The tone of this excerpt can best be described as (5 points)

scathing and unapologetic
conciliatory and humble
sorrowful and regretful
hopeful and conversational
loving and melancholy

The letter begins by (5 points)

admonishing the recipient but later offers forgiveness
complementing the recipient but ends in a condescending tone
motivating the recipient but concludes with discouraging words
establishing the writer’s credentials but concludes with friendly advice
offering advice but later admonishes the actions of the recipient

This excerpt is taken from a letter written by a father to his son.

“I do not, therefore, so much as hint to you how absolutely dependent you are upon me; that you neither have nor can have a shilling in the world but from me; and that, as I have no womanish weakness for your person, your merit must and will be the only measure of my kindness. I say, I do not hint these things to you, because I am convinced that you will act right upon more noble and generous principles; I mean, for the sake of doing right, and out of affection and gratitude to me.”

This excerpt is ironic mainly because the writer (5 points)

inadvertently mentions the recipient’s dependence on his generosity and apologizes in advance for withdrawing monetary support
is actually dependent upon the recipient for his own welfare but attempts to excuse the fact by blaming it on his own youthful errors
claims that all young men are motivated by a desire to do what is right and those that stray from this path should be severely scolded
reveals that he is fed up with the recipient’s behavior and lack of gratitude and will no longer support him emotionally or monetarily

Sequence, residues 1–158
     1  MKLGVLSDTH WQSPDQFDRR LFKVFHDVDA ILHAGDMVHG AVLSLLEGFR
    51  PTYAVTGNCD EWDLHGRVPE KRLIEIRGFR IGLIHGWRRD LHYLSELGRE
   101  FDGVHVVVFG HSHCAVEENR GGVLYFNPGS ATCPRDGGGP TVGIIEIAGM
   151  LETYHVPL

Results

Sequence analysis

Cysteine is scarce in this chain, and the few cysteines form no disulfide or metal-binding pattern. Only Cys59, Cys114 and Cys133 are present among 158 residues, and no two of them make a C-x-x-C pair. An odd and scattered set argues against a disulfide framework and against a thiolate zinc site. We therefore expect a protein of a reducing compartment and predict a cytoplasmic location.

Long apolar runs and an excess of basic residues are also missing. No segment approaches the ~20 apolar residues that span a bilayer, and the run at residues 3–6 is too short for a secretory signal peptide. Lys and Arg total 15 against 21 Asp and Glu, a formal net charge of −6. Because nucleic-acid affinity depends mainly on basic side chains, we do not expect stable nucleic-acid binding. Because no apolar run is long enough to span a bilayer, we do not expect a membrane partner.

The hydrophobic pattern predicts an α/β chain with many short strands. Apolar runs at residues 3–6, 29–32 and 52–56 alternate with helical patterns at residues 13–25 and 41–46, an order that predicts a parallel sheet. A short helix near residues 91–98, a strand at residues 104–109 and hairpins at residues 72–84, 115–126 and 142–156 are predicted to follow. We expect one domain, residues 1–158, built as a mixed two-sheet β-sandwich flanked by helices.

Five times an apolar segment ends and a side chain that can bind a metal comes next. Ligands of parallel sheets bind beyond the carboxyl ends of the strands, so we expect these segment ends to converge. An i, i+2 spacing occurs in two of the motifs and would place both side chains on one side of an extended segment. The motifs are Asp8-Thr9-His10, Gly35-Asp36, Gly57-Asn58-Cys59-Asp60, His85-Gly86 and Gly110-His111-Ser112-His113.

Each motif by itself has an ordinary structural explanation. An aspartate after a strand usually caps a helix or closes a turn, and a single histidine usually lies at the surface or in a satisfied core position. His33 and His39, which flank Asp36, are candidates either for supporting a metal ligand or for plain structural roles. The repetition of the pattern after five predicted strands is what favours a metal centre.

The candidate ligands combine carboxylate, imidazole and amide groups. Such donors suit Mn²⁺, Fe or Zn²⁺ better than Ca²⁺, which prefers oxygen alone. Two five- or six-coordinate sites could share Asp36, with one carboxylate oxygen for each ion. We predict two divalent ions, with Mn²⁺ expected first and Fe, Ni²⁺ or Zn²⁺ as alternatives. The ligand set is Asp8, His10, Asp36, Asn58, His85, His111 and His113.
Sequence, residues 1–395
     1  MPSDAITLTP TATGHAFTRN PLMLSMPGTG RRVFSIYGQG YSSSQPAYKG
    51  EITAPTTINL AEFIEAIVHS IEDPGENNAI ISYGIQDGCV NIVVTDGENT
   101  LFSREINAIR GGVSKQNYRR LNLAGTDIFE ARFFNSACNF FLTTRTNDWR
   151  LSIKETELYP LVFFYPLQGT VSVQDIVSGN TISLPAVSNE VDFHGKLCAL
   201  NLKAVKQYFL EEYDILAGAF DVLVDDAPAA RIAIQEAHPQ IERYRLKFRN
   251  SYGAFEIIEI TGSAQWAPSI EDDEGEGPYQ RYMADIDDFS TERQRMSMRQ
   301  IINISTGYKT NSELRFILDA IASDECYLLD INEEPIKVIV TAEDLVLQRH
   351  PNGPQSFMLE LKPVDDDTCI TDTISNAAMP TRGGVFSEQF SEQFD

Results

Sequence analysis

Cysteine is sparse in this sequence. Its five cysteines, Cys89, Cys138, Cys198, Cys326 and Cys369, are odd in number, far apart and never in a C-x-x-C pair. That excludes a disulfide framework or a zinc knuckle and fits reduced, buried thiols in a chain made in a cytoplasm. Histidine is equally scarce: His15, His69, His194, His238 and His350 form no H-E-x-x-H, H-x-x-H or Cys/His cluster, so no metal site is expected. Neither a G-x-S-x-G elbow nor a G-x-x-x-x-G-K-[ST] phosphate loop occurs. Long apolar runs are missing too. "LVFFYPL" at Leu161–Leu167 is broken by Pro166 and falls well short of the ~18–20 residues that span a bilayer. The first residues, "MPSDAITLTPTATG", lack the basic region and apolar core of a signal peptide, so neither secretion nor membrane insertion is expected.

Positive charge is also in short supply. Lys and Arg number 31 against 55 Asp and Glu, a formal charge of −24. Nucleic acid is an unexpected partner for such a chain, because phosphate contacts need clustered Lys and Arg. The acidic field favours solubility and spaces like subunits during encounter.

expects the recipient to behave for the sake of doing right but implies that good behavior is expected in exchange for monetary support

Read the following excerpt carefully before you choose your answer.

This excerpt is taken from a letter written by a father to his son.

“I do not, therefore, so much as hint to you how absolutely dependent you are upon me; that you neither have nor can have a shilling in the world but from me; and that, as I have no womanish weakness for your person, your merit must and will be the only measure of my kindness. I say, I do not hint these things to you, because I am convinced that you will act right upon more noble and generous principles; I mean, for the sake of doing right, and out of affection and gratitude to me.”

Which of the following best summarizes the message of this excerpt? (5 points)

The writer is skeptical of the recipient’s willingness to express gratitude and become more independent.
The recipient does not owe a debt to the writer and should continue accepting the writer’s support.
The recipient should question the writer’s sincerity due to his lack of support and paternal compassion.
The writer believes the recipient will be motivated by his father’s generosity and a desire to do right.
The writer is proud of the recipient’s newly discovered independence and encourages him on this path.